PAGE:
Apr 24, 2018
As the nation’s big college entrance exams go digital, so are a growing number of school districts opting for online-only standardized testing. Here’s what’s new with the online ACT and how students should prepare for the exam.
Students are increasingly taking the ACT and its rival, the SAT, online. This year, juniors from 29 states and Washington, D.C. will be required to sit one of the two major college entrance exams, many of them in front of a computer as the exams and school districts transition to digital-only.
So what do students (and tutors) need to know about taking the ACT online?
If a school district has opted for digital-only exams, most students will need to sit for the ACT using a school-issued computer or Chromebook. Only students with special accommodations for a disability can sit the paper exam instead. Some school districts have opted for mixed mode assessment, which gives students the option to sit either the online or paper exam.
To prevent issues like networks crashing or different internet speeds, the ACT test administrator, Pearson Assessment, has rolled out “proctor caching”: each test site has a dedicated local server where each student’s exam is stored before and after the exam. The data is then transferred to Pearson upon completion of the exam.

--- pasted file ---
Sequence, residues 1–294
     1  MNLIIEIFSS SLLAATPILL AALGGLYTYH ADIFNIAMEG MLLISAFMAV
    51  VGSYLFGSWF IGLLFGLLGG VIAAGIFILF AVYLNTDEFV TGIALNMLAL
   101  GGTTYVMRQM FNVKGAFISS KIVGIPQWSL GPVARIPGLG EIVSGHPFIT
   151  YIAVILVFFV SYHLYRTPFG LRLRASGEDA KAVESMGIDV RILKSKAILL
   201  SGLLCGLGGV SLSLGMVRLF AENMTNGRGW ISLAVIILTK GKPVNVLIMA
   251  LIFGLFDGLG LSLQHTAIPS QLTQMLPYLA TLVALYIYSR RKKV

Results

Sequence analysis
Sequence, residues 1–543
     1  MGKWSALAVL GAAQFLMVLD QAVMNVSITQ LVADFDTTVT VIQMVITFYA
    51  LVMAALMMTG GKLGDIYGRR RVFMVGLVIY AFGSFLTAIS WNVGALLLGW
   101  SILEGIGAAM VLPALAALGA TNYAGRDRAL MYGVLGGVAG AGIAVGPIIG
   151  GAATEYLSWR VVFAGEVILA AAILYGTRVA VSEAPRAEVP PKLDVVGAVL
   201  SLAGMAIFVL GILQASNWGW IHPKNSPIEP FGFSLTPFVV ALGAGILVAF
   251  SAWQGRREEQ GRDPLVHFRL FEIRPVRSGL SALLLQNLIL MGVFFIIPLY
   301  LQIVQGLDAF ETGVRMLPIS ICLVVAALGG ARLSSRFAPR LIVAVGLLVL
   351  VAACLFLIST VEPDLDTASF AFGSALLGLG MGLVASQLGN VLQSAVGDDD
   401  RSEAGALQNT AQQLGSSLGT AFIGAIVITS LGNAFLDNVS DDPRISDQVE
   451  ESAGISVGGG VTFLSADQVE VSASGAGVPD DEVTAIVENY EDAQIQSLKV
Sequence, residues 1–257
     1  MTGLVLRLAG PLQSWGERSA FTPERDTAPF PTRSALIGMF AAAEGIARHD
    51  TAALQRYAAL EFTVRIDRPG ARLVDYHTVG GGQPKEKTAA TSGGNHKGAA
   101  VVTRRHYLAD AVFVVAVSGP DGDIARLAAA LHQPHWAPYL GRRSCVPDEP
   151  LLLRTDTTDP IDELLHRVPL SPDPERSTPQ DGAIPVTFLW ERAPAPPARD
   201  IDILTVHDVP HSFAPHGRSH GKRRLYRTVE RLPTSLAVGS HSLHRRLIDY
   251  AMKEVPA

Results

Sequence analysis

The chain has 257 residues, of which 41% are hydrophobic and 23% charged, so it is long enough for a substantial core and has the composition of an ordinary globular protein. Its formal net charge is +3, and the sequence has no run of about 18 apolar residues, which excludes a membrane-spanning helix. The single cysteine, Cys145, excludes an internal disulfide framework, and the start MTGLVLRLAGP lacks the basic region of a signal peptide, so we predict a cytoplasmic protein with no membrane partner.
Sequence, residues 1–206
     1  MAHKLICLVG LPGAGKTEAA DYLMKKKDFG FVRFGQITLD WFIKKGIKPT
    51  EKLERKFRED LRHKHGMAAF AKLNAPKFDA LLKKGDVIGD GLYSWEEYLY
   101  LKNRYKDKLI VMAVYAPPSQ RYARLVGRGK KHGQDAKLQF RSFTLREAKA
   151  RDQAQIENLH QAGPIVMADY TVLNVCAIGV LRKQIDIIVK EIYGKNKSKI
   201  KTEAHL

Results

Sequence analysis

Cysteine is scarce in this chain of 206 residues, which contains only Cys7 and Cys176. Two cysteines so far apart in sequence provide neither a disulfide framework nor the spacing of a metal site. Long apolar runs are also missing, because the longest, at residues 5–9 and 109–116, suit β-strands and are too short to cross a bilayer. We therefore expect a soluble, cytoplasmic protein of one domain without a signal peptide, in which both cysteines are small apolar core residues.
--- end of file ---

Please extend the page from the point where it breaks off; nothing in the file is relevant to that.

Students can bookmark questions to return to later and mark off questions they don’t want to answer. A time tracker indicates how much time is left for a particular section.
On test day, students can still use scratch paper and pencils to work through answers.
Preparing for the Exam
TestNav is the ACT’s online assessment portal, and provides access to a database of practice exams in English, Mathematics, Reading, Science, and Writing, as well as guidelines for taking the exam. Students in certain states can also take practice exams for some state-based standardized exams, like Minnesota and Virginia.
There’s also the ACT Academy, which was launched this spring and offers students a convenient resource for test prep, with sample questions, full-length practice exams, and interactive learning content.
Tutors can work through the test prep material with students, and assess their students’ comfort level with the online test environment. After all, not every student is going to have the right fortitude to sit through an online exam.
Don’t forget that forewarned is forearmed: here’s the 2018 ACT (and SAT) exam schedule. Whether sitting the paper or digital, students need plenty of practice before the big day. So pencils up! (Or, er, get typing!)